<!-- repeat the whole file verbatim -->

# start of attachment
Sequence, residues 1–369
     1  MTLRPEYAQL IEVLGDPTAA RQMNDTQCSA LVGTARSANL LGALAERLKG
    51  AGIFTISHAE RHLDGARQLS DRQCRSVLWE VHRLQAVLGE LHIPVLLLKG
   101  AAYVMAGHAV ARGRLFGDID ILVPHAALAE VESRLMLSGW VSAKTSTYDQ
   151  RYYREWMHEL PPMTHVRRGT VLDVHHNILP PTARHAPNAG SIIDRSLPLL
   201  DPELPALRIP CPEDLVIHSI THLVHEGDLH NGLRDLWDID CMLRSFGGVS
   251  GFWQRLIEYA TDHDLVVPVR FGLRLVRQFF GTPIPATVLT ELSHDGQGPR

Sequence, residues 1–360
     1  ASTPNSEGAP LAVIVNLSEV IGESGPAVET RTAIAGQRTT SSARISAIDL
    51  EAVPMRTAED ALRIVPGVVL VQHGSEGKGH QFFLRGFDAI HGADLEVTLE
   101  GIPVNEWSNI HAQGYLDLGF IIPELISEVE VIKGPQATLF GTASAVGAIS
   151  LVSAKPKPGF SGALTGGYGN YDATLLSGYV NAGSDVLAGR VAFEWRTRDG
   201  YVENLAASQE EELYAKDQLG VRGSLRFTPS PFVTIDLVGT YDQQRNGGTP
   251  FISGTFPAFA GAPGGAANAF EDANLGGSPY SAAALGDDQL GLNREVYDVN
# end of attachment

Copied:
Sequence, residues 1–369
     1  MTLRPEYAQL IEVLGDPTAA RQMNDTQCSA LVGTARSANL LGALAERLKG
    51  AGIFTISHAE RHLDGARQLS DRQCRSVLWE VHRLQAVLGE LHIPVLLLKG
   101  AAYVMAGHAV ARGRLFGDID ILVPHAALAE VESRLMLSGW VSAKTSTYDQ
   151  RYYREWMHEL PPMTHVRRGT VLDVHHNILP PTARHAPNAG SIIDRSLPLL
   201  DPELPALRIP CPEDLVIHSI THLVHEGDLH NGLRDLWDID CMLRSFGGVS
   251  GFWQRLIEYA TDHDLVVPVR FGLRLVRQFF GTPIPATVLT ELSHDGQGPR

Sequence, residues 1–360
     1  ASTPNSEGAP LAVIVNLSEV IGESGPAVET RTAIAGQRTT SSARISAIDL
    51  EAVPMRTAED ALRIVPGVVL VQHGSEGKGH QFFLRGFDAI HGADLEVTLE
   101  GIPVNEWSNI HAQGYLDLGF IIPELISEVE VIKGPQATLF GTASAVGAIS
   151  LVSAKPKPGF SGALTGGYGN YDATLLSGYV NAGSDVLAGR VAFEWRTRDG
   201  YVENLAASQE EELYAKDQLG VRGSLRFTPS PFVTIDLVGT YDQQRNGGTP
   251  FISGTFPAFA GAPGGAANAF EDANLGGSPY SAAALGDDQL GLNREVYDVN